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Ice Cloud Retrievals and Analysis with the Compact Scanning Submillimeter Imaging Radiometer and the Cloud Radar System during CRYSTAL FACE

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  • a Program in Atmospheric and Oceanic Sciences, University of Colorado, Boulder, Colorado
  • | b NASA Goddard Space Flight Center, Greenbelt, Maryland
  • | c University of Maryland, Baltimore County, Baltimore, Maryland
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Abstract

Submillimeter-wave radiometry is a new technique for determining ice water path (IWP) and particle size in upper-tropospheric ice clouds. The first brightness temperatures images of ice clouds above 340 GHz were measured by the Compact Scanning Submillimeter Imaging Radiometer (CoSSIR) during the Cirrus Regional Study of Tropical Anvils and Cirrus Layers (CRYSTAL) Florida Area Cirrus Experiment (FACE) campaign in July 2002. CoSSIR operated with 12 channels from receivers at 183, 220, 380, 487, and 640 GHz. CoSSIR and the nadir-viewing 94-GHz Cloud Radar System (CRS) flew on the NASA ER-2 airplane based out of Key West, Florida. A qualitative comparison of the CoSSIR brightness temperatures demonstrates that the submillimeter-wave frequencies are more sensitive to anvil ice cloud particles than are the lower frequencies. A Bayesian algorithm, with a priori microphysical information from in situ cloud probes, is used to retrieve the IWP and median mass equivalent sphere particle diameter (Dme). Microwave scattering properties of random aggregates of plates and aggregates of frozen droplets are computed with the discrete dipole approximation (DDA) and an effective medium approximation tuned to DDA results. As a test of the retrievals, the vertically integrated 94-GHz radar backscattering is also retrieved from the CoSSIR data and compared with that measured by the CRS. The integrated backscattering typically agrees within 1–2 dB for IWP from 1000 to 10 000 g m−2, and while the disagreement increases for smaller IWP, it is typically within the Bayesian error bars. Retrievals made with only the three 183- and one 220-GHz channel are generally as good or better than those including 380 ± 6.2 and 640 GHz, because the CoSSIR submillimeter-wave channels were much noisier than expected. An algorithm to retrieve profiles of ice water content and Dme from CRS and CoSSIR data was developed. This Bayesian algorithm also retrieves the coefficients of an IWC–radar reflectivity power-law relation and could be used to evaluate radar-only ice cloud retrieval algorithms.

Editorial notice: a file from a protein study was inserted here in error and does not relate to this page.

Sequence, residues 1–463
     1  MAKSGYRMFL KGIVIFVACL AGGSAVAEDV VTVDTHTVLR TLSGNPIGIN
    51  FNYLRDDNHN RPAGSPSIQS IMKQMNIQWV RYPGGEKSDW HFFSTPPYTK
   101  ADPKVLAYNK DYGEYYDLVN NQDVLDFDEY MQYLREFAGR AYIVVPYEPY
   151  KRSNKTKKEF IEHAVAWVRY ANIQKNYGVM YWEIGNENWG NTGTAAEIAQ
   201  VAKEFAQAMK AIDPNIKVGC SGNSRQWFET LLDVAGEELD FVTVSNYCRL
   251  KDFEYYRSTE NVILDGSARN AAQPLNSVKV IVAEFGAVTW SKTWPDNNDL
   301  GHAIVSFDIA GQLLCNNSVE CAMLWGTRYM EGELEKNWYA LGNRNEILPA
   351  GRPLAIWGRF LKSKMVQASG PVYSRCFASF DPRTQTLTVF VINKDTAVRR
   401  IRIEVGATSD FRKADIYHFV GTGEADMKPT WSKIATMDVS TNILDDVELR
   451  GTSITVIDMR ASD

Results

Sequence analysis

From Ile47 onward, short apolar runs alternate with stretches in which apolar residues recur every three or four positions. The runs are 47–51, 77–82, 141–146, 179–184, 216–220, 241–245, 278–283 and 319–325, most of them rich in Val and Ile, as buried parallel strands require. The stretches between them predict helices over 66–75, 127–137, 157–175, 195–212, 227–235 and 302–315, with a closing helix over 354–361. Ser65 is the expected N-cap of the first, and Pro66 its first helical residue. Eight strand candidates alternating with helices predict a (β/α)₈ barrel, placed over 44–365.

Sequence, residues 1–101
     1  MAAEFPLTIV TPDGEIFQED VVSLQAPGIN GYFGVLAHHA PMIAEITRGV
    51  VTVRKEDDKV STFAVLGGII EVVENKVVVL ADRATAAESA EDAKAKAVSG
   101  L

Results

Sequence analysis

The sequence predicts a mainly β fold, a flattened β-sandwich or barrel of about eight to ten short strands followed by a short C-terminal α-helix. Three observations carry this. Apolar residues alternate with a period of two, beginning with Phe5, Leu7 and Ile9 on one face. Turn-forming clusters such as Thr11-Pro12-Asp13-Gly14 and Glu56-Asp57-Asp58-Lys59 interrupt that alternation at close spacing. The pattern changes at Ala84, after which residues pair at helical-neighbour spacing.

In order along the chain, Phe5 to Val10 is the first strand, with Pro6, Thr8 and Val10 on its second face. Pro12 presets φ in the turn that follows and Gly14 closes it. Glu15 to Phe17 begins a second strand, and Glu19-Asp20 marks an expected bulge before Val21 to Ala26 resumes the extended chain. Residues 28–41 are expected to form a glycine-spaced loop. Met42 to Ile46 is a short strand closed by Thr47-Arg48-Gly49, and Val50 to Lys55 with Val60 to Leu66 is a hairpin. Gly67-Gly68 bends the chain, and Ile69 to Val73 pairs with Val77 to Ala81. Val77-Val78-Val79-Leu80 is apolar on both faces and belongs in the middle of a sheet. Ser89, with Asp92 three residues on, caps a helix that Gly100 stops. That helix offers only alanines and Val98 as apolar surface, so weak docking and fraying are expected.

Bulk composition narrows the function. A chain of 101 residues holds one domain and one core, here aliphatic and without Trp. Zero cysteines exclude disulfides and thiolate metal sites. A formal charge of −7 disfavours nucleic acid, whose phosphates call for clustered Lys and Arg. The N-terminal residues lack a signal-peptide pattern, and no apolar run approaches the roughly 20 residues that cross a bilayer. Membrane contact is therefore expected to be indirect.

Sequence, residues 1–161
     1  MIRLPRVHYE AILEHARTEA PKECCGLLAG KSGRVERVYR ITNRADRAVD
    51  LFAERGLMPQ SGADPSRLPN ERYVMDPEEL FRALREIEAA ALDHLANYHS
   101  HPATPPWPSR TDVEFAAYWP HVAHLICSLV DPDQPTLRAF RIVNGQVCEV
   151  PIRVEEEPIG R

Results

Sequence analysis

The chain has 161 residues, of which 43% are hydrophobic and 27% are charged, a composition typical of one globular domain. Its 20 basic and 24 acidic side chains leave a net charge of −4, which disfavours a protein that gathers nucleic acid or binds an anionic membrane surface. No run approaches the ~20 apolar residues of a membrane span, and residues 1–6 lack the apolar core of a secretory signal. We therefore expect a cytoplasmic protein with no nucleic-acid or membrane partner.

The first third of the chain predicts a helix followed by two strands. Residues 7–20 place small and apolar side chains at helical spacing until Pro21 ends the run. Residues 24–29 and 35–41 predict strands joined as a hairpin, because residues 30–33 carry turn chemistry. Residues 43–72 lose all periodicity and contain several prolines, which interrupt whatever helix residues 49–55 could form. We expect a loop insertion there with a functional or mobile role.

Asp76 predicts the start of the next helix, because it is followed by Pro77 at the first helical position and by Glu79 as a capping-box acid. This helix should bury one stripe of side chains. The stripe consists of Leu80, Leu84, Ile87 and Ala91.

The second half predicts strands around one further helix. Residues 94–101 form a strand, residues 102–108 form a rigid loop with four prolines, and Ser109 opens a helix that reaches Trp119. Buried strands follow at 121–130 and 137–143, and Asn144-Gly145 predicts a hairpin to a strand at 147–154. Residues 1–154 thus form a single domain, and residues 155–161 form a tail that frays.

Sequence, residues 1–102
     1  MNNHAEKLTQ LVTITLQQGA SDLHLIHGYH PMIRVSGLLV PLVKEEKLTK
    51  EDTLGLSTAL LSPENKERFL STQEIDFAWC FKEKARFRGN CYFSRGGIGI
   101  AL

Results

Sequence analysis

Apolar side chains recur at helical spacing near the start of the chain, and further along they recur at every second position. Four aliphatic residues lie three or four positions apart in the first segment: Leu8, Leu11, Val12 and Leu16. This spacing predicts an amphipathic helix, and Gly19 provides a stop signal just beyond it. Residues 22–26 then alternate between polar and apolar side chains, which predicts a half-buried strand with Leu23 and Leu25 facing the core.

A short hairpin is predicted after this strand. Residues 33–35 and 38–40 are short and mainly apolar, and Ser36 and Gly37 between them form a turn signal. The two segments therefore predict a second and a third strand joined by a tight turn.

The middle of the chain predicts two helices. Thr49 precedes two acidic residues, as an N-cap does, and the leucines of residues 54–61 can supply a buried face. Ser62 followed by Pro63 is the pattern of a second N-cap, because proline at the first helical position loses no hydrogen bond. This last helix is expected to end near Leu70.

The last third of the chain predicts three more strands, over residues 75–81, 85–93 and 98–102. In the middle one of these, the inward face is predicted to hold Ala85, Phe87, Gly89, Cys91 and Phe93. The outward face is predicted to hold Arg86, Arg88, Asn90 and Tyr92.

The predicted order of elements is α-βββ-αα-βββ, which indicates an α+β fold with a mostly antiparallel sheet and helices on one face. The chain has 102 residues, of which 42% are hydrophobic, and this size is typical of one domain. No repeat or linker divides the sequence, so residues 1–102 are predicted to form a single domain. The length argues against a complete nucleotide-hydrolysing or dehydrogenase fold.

Corresponding author address: Dr. K. Franklin Evans, University of Colorado, 311 UCB, Boulder, CO 80309-0311. evans@nit.colorado.edu

Abstract

Submillimeter-wave radiometry is a new technique for determining ice water path (IWP) and particle size in upper-tropospheric ice clouds. The first brightness temperatures images of ice clouds above 340 GHz were measured by the Compact Scanning Submillimeter Imaging Radiometer (CoSSIR) during the Cirrus Regional Study of Tropical Anvils and Cirrus Layers (CRYSTAL) Florida Area Cirrus Experiment (FACE) campaign in July 2002. CoSSIR operated with 12 channels from receivers at 183, 220, 380, 487, and 640 GHz. CoSSIR and the nadir-viewing 94-GHz Cloud Radar System (CRS) flew on the NASA ER-2 airplane based out of Key West, Florida. A qualitative comparison of the CoSSIR brightness temperatures demonstrates that the submillimeter-wave frequencies are more sensitive to anvil ice cloud particles than are the lower frequencies. A Bayesian algorithm, with a priori microphysical information from in situ cloud probes, is used to retrieve the IWP and median mass equivalent sphere particle diameter (Dme). Microwave scattering properties of random aggregates of plates and aggregates of frozen droplets are computed with the discrete dipole approximation (DDA) and an effective medium approximation tuned to DDA results. As a test of the retrievals, the vertically integrated 94-GHz radar backscattering is also retrieved from the CoSSIR data and compared with that measured by the CRS. The integrated backscattering typically agrees within 1–2 dB for IWP from 1000 to 10 000 g m−2, and while the disagreement increases for smaller IWP, it is typically within the Bayesian error bars. Retrievals made with only the three 183- and one 220-GHz channel are generally as good or better than those including 380 ± 6.2 and 640 GHz, because the CoSSIR submillimeter-wave channels were much noisier than expected. An algorithm to retrieve profiles of ice water content and Dme from CRS and CoSSIR data was developed. This Bayesian algorithm also retrieves the coefficients of an IWC–radar reflectivity power-law relation and could be used to evaluate radar-only ice cloud retrieval algorithms.

Corresponding author address: Dr. K. Franklin Evans, University of Colorado, 311 UCB, Boulder, CO 80309-0311. evans@nit.colorado.edu

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